Synopsis: Curves are everywhere in this elegant table, and they make it fun to build while learning a variety of skills such as shaping with a router, using a drawing to find angles, and creating small flat areas to make joinery simpler. The design can be scaled up or down depending on where you plan to use it. The floating top, curved and tapered legs, and interesting rail assemblies all invite a closer look. The table shown is made from white oak, but it could be made from any number of woods depending on the preferred look.
My dad and I are both professional furniture makers and teachers, and furniture design was something we liked to do together while I was growing up. This table design is one of our collaborations.
The first version was taller, but when my grandmother asked for a small, round end table, I revisited the design. I enjoy how the table looks at this smaller scale, though it can be scaled up in a variety of ways.
The smaller size adds versatility in how the table can be used and fit into a home. It can serve as a side table in a living room, a nightstand, a plant stand, or a pedestal for an art piece. And you can elevate the look by placing a small rock, ceramic pot, or other sort of art atop the lower rail assembly, which is partly why I made that joint flush at the top edge. You could also add a round shelf in that same spot.
How to simplify curved, angled joinery
The curves and angles in this table not only make it really fun to build, but also teach valuable techniques you can use on future projects.
The legs are curved along their inner and outer edges and tapered on their sides, which requires a couple of different shaping techniques. You’ll also learn how to use a drawing to find the angle of the legs where the rails hit them. And making the round top involves a handy router jig.
I prefer using slip tenons where parts meet at angles and curves. They let me cut simple butt joints at these tricky junctions, rather than angling or curving the shoulders of integral tenons, which is a lot harder. There are a variety of ways to make matching mortises for slip tenons. While I sometimes use a horizontal mortiser, I’m using my Domino DF 500 joiner here, a handheld power tool that cuts precise mortises in a variety of sizes, and comes with ready-made tenons that fit those mortises perfectly.
Make a leg template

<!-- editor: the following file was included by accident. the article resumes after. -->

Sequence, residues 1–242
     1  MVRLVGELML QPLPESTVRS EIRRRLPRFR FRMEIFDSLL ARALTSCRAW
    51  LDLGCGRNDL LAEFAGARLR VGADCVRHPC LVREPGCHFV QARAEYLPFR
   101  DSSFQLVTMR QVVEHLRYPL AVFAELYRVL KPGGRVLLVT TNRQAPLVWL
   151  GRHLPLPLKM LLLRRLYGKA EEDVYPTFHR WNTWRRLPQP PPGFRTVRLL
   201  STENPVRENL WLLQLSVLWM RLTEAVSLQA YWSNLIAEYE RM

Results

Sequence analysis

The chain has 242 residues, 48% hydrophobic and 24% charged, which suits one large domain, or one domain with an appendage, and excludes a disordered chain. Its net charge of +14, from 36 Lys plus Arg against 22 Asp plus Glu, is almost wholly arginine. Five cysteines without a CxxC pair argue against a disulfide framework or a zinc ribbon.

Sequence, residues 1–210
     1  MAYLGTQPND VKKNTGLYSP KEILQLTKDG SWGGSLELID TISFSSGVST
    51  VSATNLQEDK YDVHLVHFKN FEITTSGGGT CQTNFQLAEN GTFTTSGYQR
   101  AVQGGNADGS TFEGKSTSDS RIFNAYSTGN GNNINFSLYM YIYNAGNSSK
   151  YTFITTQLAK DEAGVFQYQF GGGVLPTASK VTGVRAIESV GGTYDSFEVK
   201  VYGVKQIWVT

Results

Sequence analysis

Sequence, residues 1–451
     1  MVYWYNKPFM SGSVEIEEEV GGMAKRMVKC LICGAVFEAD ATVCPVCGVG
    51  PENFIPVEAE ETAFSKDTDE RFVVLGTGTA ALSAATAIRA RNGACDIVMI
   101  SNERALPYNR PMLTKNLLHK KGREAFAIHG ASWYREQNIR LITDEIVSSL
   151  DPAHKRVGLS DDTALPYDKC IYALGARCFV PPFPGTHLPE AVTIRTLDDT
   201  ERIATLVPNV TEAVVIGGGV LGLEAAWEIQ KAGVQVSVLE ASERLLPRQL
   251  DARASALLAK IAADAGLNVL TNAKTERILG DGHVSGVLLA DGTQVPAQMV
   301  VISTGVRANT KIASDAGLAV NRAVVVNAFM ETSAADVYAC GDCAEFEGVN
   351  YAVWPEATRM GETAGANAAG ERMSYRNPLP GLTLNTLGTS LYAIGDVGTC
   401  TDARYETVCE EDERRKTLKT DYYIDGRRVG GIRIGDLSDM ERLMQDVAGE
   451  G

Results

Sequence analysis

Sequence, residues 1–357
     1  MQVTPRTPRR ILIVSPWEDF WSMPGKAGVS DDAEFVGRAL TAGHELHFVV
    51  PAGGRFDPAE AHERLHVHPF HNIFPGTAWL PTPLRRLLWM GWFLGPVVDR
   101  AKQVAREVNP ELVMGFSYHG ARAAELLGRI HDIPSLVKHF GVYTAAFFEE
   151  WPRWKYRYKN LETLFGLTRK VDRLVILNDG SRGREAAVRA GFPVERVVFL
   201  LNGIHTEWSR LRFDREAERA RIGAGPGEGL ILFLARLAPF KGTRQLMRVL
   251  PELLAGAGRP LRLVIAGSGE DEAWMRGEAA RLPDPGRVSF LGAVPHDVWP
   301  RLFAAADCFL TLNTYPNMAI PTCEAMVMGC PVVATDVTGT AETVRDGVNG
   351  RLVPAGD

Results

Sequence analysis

The legs are curved along their inner and outer edges, and they get flats on the inside edge so the rail joinery is gap-free. Start by making a leg template, which will be transferred to a router jig for shaping the legs.Lay out the template. Using 1 ⁄ 4-in. MDF, make a template that represents the curved leg outline. Use the dimensions in the drawing to lay out the apex of the inward curve and the end points of the outward curve. Then bend an MDF strip as shown to draw the curves at each edge. Cut and smooth the template. Rough out the shape on the bandsaw, leaving approximately 1 ⁄ 16 in. of waste outside the line. Then smooth the curves to the line using your preferred sanding or planing tools. Dolese used her curved-platen edge sander here. Sand flats where the rails hit. To make it easier to eliminate gaps where the rails meet the legs, Dolese sands small, nearly undetectable flats on the leg template, which template routing will transfer to the legs themselves. Start by laying out the mortise locations and the edges of the rails, and then sand up to those marks. Check that these landing spots are flat using one of the rails or another flat piece.
Shape the legs first
Making complex, repeatable shapes using shaper and router jigs has opened up a lot of possibilities in my work. I generally prefer using my shaper for template work, as it has a large, helical head that cuts very smoothly with minimal tearout. But I know many woodworkers lack a shaper, so I’ll demonstrate a very similar router-table technique here.
You might be tempted to skip the router jig and shape the curves by hand, but bear in mind that any inconsistencies can leave gaps in the joints where the rails meet the legs. Note that we are shaping the curves on the legs before tapering their sides. That way they will sit flat on the router jig.
Start by making a leg template. You’ll use it to make a two-sided leg-shaping jig, which shapes the concave edge on one side and the convex one on the other.
Hand-sand the joinery flats—To simplify the rail-to-leg joints, I create very small, almost undetectable flats along the leg curves, allowing me to cut a simple angle on the ends of those rails and know the joints will be gap-free. That’s a lesson I learned from my dad—Tom Dolese, a chairmaking specialist in Bellingham, Wash.
On the leg template, make center marks for the mortises. Then work from those to mark the top and bottom edges of the rails.
—Alex Dolese is a professional furniture maker in Bozeman, Mont.
Photos, except where noted: Asa Christiana.
Drawings: John Hartman.
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From Fine woodworking #303
How to make a tabletop float
Simple and sturdy joinery allows the top of this table to float without overshadowing the rest of the design or blocking the flow of light between base and top.
Shaker Candle Stand: Shaping the Legs
In this video, learn how to cut the legs on a bandsaw, shape them with a disk sander and a lathe-mounted drum sander, and then use a router table to cut the dovetails.
From the archive: The slip joint
This basic joint of the trade goes together fast and is designed to last
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